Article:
"Charity should begin at home, but should not stay there." Phillip Brooks
Passing the torch of charitable activism to the next generation...
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There are three reasons you should read this post. Actually, scratch that. There are over a hundred reasons you should read this post. Hint: It involves free books! (Plus the other stuff in the title, too.)
In the past, I have mentioned briefly on this blog an orphanage in India that we help.
The time has come to expound.
In September of 1997, I went on a life-changing trip to India. I was joining Jason on his third trip to volunteer at a small Bible School of Discipleship in central south India, close to Bangalore. (This was before Jason and I were a couple.) When I set foot on Indian soil, all I really knew about the country was that yoga originated there, and I liked the pretty dresses that the ladies wore. I didn't even know that they mainly ate spicy food! Way to be prepared, right? However, I knew God had called me there, so I went.
Jason was working as the Assistant Director. I did glamourous things like weed the garden. Honestly, I'm not quite sure what I did that helped at the school that year--most of the things I tried to do, some other person insisted on doing it for ME. But God used that year as a pivotal season in my life, both in my character growth, my world view, and in the relationships that I would carry with me to the future.
That year, there was a pastor there that had come to the school for further edification and training. His name was D. Isaiah Kumar. As the oldest student, the other students liked to tease him a bit, which he took good-naturedly, most of the time.
After the school year was over, and we all returned to our homes, Pastor Kumar kept in contact with me, sending pictures of his wife and daughter and updates on his ministry. Very soon after returning home, he started an orphanage in his small village.
As the years passed, Jason and I would send what little we could afford to help Pastor Kumar in his ministry, but several years ago, God began to lay on my heart the need of these kids--they needed better funding, and someone who could advocate for them to a wider audience. At the time, I did not feel that I could be that person, as my own life was so very crowded. However, I began searching for an umbrella organization that would take this orphanage under their wing.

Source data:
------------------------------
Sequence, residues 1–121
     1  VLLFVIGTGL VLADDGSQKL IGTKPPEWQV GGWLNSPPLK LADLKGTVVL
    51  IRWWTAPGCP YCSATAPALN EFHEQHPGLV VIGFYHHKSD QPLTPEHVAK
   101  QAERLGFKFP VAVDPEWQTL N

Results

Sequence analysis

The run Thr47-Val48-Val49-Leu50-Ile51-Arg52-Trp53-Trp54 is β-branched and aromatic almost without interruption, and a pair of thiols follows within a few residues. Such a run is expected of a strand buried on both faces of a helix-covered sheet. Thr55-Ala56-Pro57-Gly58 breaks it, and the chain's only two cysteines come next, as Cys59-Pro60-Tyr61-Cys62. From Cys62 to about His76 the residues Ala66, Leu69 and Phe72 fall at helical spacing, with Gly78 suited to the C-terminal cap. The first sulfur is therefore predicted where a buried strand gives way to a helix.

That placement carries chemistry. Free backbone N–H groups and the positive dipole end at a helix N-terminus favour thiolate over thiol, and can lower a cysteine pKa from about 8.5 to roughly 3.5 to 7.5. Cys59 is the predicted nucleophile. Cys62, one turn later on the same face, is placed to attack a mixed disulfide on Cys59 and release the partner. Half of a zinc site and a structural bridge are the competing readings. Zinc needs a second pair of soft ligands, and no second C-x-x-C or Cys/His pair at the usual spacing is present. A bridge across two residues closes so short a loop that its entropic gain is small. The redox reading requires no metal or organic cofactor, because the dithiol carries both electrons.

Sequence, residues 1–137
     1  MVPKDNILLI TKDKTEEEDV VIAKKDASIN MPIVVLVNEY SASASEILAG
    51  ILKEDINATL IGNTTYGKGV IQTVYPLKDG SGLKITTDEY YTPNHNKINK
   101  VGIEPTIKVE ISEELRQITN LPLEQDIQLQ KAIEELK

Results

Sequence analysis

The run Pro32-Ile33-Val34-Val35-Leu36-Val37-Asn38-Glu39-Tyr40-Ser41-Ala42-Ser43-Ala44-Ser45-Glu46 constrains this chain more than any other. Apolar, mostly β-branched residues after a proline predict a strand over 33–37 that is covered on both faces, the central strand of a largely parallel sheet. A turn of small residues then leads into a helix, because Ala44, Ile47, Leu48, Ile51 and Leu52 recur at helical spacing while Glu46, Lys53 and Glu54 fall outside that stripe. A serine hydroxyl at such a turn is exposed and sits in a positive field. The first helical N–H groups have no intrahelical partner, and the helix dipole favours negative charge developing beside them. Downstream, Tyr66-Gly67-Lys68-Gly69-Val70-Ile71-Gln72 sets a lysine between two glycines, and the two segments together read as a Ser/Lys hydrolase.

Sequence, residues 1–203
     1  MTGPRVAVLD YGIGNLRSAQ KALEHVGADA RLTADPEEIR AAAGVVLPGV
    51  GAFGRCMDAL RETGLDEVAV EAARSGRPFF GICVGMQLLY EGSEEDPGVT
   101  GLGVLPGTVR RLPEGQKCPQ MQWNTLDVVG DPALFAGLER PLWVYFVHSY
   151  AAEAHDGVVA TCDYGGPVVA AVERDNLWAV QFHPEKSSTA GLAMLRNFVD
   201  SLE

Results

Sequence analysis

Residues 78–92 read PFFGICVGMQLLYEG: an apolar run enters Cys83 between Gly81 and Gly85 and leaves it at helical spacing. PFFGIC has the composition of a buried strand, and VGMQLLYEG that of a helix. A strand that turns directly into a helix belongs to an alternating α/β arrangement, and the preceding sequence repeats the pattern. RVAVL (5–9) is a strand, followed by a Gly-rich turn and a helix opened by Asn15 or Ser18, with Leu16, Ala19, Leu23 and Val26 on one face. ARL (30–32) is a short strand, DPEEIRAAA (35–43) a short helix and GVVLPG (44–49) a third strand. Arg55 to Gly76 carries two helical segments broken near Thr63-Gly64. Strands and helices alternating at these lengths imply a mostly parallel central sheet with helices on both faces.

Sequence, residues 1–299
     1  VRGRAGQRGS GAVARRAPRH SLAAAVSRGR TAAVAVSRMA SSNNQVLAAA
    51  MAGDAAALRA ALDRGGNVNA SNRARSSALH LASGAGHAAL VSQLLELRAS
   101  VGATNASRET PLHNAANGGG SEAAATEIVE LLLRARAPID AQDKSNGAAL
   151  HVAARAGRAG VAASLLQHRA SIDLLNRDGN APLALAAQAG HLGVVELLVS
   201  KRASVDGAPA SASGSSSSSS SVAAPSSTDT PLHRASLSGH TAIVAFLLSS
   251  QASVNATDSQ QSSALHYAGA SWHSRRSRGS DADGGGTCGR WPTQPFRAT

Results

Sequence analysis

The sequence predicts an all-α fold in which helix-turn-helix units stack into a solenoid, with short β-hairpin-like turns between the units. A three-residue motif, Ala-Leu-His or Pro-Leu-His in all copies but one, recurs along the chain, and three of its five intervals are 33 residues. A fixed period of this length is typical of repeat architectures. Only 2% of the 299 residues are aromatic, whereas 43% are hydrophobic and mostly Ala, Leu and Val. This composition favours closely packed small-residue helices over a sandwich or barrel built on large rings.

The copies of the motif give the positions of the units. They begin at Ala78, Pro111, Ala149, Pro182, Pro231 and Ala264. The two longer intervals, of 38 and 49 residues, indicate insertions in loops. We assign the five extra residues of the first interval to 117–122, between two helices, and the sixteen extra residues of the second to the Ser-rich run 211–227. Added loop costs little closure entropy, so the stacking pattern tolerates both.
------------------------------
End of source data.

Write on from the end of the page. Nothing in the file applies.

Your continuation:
For various and sundry reasons, every organization I contacted said no. After four years of following up on every lead I could find, I was becoming seriously disheartened.
Then, several months ago, I received an email from Pastor Kumar that he was considering closing the orphanage, as he had no funding (except some donations from his small congregation, which were not enough to cover even half of the expenses of the orphanage), and was in such debt to the local vendors that they were not extending him any more credit.
God used this to smack me upside the head. I amped up my efforts of knocking on the figurative doors of organizations, and simultaneously started the ball rolling for a major fund-raiser and started looking into registering my own charity for the orphanage.
Of course, God had the whole situation in hand. Through a mutual friend, the answer was provided when our long-time acquaintances Gordon and Laila Craddock agreed to take this ministry into the fold of Heart4Children Canada *, a small ministry they started fifteen years ago to help the children of the Ukraine. About a week ago, it was passed by their board of directors, and Faith Children Home is now part of Heart4Children Canada, with Jason and I as the Canadian directors (for the orphanage)!
While this was in the works, we had already made contact with some of our Indian friends, and had a trusted emissary go to the orphanage and assess the situation there, so we have a pretty good unbiased opinion about what the immediate needs are. While Jason and I plan to go to India ourselves sometime in the next several years, for now, this was invaluable intel about where to start from.
We are so excited to be part of this ministry. There are currently fifteen children being supported by the orphanage, and I have been poring over their photos and learning their names and falling in love with every one of them. Making a difference in the life of even one child is so powerful, and here are fifteen children who can grow up to affect the future of their country positively by being given this better chance at life.
For those of you who read this blog, please consider helping in the following ways:
If you have any questions or concerns, please contact me at talena [at] wintersdayin [dot] ca, and I would be happy to answer them to the best of my ability.
Thank you for reading, and for caring for these kids!